At this point, both Mitt Romney and Barack Obama's economic platforms are woefully incomplete, as neither Romney nor Obama has clarified the single most important economic decision the president is likely to make between 2013 and 2017: who will be tapped to replace Federal Reserve Chairman Ben Bernanke in 2014.
With Obama, we at least have some precedent. In 2010, he reappointed Bernanke to the position -- a choice he could conceivably make again in 2014. But even if he chooses a new candidate, it's a safe bet that the person won't represent an overly sharp break with the policies of the Bernanke era.
Romney is a bit tougher to handicap. Which hasn't stopped various reports and economic commentators from trying -- I particularly recommend the efforts from Neil Irwin, Binyamin Appelbaum, and Felix Salmon. At base, the difficulty in predicting Romney's choice for the Fed is the same difficulty that attends to predicting most any of his policy choices: Will Romney make the choice that's most consistent with conservative orthodoxy and the bulk of his rhetoric over the last year? Or will he make the choice that's most consistent with a strong recovery as the deleveraging cycle plays itself out?
In the Fed realm, the choice is between replacing Ben Bernanke with one of the Romney advisers who is broadly Bernanke-like on monetary policy (remember that Bernanke was originally a George W. Bush appointee) like Greg Mankiw or Glenn Hubbard or replacing him with a firmer advocate of tighter money, like John Taylor. The latter really could hurt the recovery and scare the markets, but it would be much more consistent with the hard money arguments that have come to dominate the right, and which Romney (and Paul Ryan) has often professed sympathy for.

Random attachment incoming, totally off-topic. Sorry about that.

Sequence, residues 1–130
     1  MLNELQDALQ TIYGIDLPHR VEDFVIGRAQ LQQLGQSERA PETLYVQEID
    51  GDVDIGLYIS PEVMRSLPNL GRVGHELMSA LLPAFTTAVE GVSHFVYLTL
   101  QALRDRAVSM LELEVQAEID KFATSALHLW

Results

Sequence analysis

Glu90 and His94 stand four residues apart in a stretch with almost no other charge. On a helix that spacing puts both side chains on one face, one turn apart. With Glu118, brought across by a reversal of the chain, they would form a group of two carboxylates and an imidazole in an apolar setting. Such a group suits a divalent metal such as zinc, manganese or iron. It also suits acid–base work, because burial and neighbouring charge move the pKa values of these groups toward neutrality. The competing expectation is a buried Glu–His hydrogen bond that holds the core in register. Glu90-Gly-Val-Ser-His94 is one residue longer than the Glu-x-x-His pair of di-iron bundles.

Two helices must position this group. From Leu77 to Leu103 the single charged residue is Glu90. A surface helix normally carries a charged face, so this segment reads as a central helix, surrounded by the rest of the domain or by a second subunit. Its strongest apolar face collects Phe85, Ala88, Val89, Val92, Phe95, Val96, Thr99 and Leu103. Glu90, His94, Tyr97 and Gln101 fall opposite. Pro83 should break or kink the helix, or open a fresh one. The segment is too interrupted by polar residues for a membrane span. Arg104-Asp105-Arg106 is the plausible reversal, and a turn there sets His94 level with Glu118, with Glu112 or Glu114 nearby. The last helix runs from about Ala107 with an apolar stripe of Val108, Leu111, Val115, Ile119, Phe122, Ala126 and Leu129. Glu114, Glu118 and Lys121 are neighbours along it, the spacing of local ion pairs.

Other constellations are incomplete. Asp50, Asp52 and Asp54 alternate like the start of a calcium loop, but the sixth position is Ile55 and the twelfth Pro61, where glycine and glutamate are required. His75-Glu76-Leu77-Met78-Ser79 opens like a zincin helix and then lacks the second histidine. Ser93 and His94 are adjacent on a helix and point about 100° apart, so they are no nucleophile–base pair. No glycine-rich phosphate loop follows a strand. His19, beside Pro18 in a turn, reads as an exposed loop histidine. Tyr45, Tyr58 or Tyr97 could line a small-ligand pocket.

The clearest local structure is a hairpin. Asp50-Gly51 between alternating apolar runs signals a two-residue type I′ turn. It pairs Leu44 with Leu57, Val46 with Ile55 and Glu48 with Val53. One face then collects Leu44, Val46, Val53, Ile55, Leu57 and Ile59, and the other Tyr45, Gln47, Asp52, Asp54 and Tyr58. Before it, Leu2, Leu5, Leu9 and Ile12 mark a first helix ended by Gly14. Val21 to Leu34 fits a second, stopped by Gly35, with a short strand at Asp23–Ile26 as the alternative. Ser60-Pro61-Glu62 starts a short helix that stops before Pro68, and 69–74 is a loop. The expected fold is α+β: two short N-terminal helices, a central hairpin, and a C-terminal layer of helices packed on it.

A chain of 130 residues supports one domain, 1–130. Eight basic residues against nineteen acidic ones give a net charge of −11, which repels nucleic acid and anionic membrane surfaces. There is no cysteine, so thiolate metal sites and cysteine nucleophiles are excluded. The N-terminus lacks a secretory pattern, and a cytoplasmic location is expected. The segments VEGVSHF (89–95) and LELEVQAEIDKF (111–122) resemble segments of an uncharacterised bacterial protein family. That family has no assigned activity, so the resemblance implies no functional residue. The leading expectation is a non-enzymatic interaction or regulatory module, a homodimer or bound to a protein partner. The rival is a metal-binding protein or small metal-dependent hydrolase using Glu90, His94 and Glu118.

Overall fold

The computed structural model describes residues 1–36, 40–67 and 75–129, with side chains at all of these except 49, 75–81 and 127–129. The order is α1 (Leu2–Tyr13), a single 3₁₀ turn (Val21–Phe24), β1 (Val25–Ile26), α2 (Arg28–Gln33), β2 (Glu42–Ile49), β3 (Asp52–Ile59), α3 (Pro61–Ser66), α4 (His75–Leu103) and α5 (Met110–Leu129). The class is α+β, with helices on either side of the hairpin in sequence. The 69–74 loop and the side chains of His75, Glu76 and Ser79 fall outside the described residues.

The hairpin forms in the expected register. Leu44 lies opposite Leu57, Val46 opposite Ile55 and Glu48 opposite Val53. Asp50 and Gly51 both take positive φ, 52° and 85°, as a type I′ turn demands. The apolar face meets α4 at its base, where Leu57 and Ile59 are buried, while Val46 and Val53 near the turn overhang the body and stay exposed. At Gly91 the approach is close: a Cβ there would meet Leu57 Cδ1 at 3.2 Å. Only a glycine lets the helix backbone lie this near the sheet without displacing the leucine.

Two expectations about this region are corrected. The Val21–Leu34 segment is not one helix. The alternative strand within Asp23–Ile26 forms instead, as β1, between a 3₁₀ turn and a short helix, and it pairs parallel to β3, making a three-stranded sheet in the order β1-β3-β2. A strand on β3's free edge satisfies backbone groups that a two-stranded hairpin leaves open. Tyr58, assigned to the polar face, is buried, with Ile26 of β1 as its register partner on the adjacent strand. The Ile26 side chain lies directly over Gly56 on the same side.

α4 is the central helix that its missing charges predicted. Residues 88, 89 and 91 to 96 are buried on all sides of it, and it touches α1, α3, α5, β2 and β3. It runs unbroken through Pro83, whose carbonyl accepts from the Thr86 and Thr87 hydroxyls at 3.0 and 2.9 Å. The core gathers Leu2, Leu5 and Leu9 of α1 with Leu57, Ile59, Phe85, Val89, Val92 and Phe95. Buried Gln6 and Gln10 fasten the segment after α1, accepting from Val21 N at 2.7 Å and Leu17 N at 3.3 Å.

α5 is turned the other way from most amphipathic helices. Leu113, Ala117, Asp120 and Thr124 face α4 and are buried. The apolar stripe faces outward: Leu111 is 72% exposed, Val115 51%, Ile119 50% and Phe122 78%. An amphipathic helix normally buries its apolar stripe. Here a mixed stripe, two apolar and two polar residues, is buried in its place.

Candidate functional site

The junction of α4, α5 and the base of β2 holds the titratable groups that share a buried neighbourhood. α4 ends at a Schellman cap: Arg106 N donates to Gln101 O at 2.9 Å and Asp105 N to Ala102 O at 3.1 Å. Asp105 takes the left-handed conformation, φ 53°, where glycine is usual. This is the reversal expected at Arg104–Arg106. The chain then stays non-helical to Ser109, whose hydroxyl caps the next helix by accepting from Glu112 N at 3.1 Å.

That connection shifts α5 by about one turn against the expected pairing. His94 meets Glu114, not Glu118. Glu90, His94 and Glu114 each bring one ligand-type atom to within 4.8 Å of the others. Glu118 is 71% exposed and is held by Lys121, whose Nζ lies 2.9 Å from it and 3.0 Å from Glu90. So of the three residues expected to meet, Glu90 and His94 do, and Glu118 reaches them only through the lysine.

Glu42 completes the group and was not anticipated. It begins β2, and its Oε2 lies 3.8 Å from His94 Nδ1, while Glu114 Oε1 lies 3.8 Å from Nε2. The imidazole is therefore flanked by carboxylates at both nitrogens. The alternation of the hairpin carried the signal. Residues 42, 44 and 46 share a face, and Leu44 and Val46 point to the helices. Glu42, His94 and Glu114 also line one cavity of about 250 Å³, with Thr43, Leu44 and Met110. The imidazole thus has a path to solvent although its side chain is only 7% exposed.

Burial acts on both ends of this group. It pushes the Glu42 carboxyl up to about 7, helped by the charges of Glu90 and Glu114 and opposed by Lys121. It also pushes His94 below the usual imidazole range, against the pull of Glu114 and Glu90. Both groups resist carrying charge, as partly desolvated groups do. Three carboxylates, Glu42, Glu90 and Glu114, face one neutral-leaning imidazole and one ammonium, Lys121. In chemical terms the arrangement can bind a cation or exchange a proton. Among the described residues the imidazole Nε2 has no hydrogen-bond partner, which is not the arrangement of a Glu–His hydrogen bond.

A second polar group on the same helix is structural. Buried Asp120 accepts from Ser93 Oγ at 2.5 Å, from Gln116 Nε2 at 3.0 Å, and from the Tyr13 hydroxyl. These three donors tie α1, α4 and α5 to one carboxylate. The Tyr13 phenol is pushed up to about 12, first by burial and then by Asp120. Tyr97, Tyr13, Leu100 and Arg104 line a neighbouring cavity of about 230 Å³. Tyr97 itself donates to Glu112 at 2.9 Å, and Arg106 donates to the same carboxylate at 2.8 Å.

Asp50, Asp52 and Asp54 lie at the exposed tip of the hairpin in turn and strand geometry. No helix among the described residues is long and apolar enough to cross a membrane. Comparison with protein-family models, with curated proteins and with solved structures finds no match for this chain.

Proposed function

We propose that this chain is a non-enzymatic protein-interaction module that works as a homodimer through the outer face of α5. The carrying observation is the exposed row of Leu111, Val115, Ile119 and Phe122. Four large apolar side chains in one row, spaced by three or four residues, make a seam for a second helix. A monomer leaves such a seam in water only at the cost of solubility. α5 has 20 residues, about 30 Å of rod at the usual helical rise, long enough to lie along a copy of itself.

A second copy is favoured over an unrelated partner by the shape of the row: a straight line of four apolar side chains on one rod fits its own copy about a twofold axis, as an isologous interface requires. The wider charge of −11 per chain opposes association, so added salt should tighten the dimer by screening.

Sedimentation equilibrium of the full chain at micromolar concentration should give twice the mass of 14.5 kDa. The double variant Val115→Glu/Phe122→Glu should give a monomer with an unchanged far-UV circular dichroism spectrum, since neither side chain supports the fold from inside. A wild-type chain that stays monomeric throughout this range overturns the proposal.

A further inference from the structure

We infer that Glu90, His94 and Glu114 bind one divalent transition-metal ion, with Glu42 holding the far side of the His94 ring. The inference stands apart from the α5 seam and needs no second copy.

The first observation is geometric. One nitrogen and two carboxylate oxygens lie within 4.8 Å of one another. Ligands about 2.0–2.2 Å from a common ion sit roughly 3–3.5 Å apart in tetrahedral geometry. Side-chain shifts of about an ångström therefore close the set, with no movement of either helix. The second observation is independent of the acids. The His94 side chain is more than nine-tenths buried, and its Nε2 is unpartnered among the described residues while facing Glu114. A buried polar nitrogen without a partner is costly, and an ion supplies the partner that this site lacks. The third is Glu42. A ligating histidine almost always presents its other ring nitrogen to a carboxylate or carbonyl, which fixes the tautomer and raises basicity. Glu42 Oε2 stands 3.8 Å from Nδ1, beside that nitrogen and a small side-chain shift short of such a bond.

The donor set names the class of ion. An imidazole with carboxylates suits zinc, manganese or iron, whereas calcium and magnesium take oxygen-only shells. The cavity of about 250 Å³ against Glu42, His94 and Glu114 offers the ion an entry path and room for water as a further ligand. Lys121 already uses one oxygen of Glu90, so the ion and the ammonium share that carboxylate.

You get questions like this in the budget realm, too. Romney has promised to cut federal spending to 20 percent of GDP in his first term and put us on a path to a balanced budget in his first term. That requires huge, quick recovery-destroying cuts -- and Romney knows it. So will he make those cuts? Or put them off?
Romney has promised to cut tax rates by 20 percent across-the-board and to pay for it by closing loopholes and expenditures. That's going to be brutally tough, and in the short term, mean a lot of economic uncertainty as individuals, companies and industries wonder what their tax burden will be, and then a lot of post-policy disruption as the housing and health care markets, to name just two likely targets, adjust to a much tougher tax environment.
But Romney could avoid all that by cutting taxes and simply not paying the tab, or not paying some big portion of it. That's pretty much what Ronald Reagan did in the 1980s, and Republicans are convinced that it led to a massive economic boom (most economists, by contrast, see Fed policy as both the culprit and the salve for the recession of the early-80s). That would be fiscally irresponsible in the long-term, but stimulative in the short-term. So which will he do?
The answer, of course, is we just don't know. But if I had to put money on it, I'd say we see relative continuity at the Fed, a much slower path of spending cuts than Romney has promised, and a tax plan that isn't anywhere near fully paid for. Voters -- and the Republican Party -- will forgive you for a lot so long as you're the guy presiding over a recovery. Just ask Ronald Reagan. But it's unsparing if you're the guy presiding over tough time. Just ask, well, Mitt Romney.